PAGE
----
Most traffic accidents are caused by someone's fault or negligence. The person at fault could be a driver, a mechanic or car manufacturer, or the authority responsible for maintaining the road. A claim seeking compensation for an injury where negligence is involved is called a common law claim.
When can I bring a common law claim?
Even where your injury was caused by another person's fault, you do not automatically have the right to sue for compensation. You must first establish that you have suffered a serious injury.
What is a serious injury?
This means either receiving an impairment assessment of 30% or greater in a lump sum application or qualifying under one of the definitions of serious injury set out by law. These are:
- Permanent serious impairment or loss of a body function
- Permanent serious disfigurement
- Permanent severe mental or permanent severe behavioural disturbance or disorder
- Loss of a foetus
Whether you meet any of these definitions involves an assessment of the injury and its effects, to see if the consequences of the injury are'more than significant' when compared with other cases.
The Transport Accident Commission (or TAC) through its lawyers may issue a certificate confirming you have suffered a serious injury. If your application for a serious injury certificate is denied, then a case can be issued in the County Court of Victoria seeking a certificate.
How long does a common law claim take?
A common law claim can only be started after your injury is stabilised. We then need to gather all medical records and reports and this can take up to 6 months.
From this time, the duration varies dependent on factors including whether the TAC rejects or accepts the serious injury application, the complexity of the case, and whether the case settles prior to litigation. As a rough guide, from the date of the serious injury application (the first step) common law claims can take between 6 - 24 months.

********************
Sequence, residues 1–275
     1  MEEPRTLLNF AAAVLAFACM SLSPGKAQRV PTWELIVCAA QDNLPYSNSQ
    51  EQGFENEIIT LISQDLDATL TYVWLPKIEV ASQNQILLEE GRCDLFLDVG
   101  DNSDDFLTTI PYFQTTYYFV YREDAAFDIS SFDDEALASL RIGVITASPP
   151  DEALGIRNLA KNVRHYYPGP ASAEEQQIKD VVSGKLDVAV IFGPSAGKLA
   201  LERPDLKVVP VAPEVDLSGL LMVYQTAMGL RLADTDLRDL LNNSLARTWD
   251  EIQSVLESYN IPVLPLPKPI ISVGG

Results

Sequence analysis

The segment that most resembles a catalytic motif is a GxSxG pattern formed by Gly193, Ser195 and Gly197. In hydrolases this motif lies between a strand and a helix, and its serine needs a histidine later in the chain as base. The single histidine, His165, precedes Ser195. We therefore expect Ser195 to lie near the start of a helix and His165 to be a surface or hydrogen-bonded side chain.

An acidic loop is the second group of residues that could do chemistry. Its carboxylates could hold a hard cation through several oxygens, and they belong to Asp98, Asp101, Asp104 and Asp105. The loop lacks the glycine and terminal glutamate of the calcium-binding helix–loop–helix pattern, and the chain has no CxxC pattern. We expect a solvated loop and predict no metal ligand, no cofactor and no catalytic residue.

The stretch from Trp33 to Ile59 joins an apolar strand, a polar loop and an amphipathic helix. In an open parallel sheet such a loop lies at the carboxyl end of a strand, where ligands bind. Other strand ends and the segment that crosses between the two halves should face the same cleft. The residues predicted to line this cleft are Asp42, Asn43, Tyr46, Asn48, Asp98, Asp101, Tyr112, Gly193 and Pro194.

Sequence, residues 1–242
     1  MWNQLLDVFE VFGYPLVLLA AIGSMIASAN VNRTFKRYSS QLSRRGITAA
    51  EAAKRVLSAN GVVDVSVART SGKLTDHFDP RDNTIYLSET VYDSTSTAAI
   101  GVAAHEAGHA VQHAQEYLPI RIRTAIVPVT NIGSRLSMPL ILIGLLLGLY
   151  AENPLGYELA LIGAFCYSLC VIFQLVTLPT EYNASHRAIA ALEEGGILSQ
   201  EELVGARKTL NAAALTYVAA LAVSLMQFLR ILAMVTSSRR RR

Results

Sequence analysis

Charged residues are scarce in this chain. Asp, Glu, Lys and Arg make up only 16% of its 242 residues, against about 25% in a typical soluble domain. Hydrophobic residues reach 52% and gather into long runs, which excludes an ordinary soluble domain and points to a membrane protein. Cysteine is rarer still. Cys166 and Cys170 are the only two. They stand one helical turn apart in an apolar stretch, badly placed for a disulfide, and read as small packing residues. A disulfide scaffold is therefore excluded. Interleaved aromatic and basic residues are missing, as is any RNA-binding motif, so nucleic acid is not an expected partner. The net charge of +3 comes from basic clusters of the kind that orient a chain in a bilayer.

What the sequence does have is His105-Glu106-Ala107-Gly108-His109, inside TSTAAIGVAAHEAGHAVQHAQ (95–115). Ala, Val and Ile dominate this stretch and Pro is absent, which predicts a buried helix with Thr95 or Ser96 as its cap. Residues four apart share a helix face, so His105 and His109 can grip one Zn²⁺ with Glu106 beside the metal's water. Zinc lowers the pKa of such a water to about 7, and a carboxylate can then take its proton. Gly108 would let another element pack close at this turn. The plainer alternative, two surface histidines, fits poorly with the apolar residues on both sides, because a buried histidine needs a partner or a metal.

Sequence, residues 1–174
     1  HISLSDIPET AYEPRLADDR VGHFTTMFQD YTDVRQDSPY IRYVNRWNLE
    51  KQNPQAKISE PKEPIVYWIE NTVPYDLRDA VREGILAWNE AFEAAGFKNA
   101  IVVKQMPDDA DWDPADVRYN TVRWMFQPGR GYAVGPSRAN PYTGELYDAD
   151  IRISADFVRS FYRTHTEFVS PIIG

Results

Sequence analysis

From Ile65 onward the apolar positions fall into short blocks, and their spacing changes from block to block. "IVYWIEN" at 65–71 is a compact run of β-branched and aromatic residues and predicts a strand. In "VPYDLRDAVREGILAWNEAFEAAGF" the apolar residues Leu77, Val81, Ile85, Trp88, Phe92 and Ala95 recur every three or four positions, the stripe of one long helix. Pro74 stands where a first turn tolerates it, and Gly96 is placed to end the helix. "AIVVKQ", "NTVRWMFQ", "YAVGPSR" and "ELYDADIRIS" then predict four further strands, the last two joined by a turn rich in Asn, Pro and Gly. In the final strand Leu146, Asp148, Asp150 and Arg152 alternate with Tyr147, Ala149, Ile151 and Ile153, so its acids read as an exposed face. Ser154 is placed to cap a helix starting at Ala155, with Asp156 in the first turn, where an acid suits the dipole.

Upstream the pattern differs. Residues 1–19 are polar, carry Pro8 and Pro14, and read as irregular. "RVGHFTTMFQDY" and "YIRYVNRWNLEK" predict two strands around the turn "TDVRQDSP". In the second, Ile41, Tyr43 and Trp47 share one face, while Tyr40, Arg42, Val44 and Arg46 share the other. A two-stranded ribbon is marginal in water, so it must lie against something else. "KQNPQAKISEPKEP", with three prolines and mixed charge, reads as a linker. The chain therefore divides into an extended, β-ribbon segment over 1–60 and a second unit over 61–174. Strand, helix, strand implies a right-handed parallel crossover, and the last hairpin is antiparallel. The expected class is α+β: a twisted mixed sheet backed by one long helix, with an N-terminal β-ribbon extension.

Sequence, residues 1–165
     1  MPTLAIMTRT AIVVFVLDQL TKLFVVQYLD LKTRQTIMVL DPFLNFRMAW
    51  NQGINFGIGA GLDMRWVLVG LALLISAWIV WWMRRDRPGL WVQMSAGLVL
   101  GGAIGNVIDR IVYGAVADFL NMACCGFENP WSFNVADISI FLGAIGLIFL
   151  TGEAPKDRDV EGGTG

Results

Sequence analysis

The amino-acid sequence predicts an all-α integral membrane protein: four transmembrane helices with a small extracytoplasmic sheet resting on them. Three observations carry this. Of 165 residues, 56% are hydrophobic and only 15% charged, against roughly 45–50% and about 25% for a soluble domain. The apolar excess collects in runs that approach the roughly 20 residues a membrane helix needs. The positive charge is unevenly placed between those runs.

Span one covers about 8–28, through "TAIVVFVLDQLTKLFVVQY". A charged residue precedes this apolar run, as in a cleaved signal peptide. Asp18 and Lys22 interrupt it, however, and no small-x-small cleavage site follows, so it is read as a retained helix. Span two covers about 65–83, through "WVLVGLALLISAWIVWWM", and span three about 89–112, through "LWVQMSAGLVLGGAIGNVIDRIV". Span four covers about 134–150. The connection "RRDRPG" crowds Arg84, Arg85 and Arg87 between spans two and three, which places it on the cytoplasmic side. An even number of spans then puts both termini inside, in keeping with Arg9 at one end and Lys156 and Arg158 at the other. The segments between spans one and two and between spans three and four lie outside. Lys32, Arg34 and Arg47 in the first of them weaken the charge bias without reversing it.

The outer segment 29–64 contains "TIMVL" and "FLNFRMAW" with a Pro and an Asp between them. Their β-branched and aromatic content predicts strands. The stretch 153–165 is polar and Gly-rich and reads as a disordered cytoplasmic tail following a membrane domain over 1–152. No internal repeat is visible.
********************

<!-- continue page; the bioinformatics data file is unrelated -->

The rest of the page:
How long do I have to make a common law claim?
A common law claim must be commenced within 6 years of the date of injury. Injuries that arise over time such as psychiatric injuries should ideally be commenced within 6 years of the onset of symptoms. You should seek advice well before the 6 years expires, however, as preparing a case takes some time.
In some limited circumstances, you can bring a common law claim more than 6 years after your date of injury, for example if you only recently became aware of the seriousness of your injury.
Would I have to go to court?
In a common law claim, there are two stages in the process that could involve going to court - the serious injury application, and the trial regarding negligence. The majority of cases we act in reach negotiated settlements, particularly after a serious injury certificate is deemed or granted. Adviceline Injury Lawyers will advise you fully on your case and any risks involved prior to starting any court case.
What compensation could I receive?
- If you are granted a serious injury certificate, you can bring a claim for pain and suffering damages, loss of earnings, or both.
- If you have already received a lump sum payment, this is deducted from any pain and suffering damages that you receive.
- If you are able to bring a claim for loss of earnings, you can claim for your past and future economic loss (lost wages and superannuation).
To discuss your injury or illness and find out more about your entitlements, call and speak directly to one of our expert injury lawyers on (03) 9321 9988.
We provide no obligation, no cost initial advice, and offer a'No Win, No Fee' service.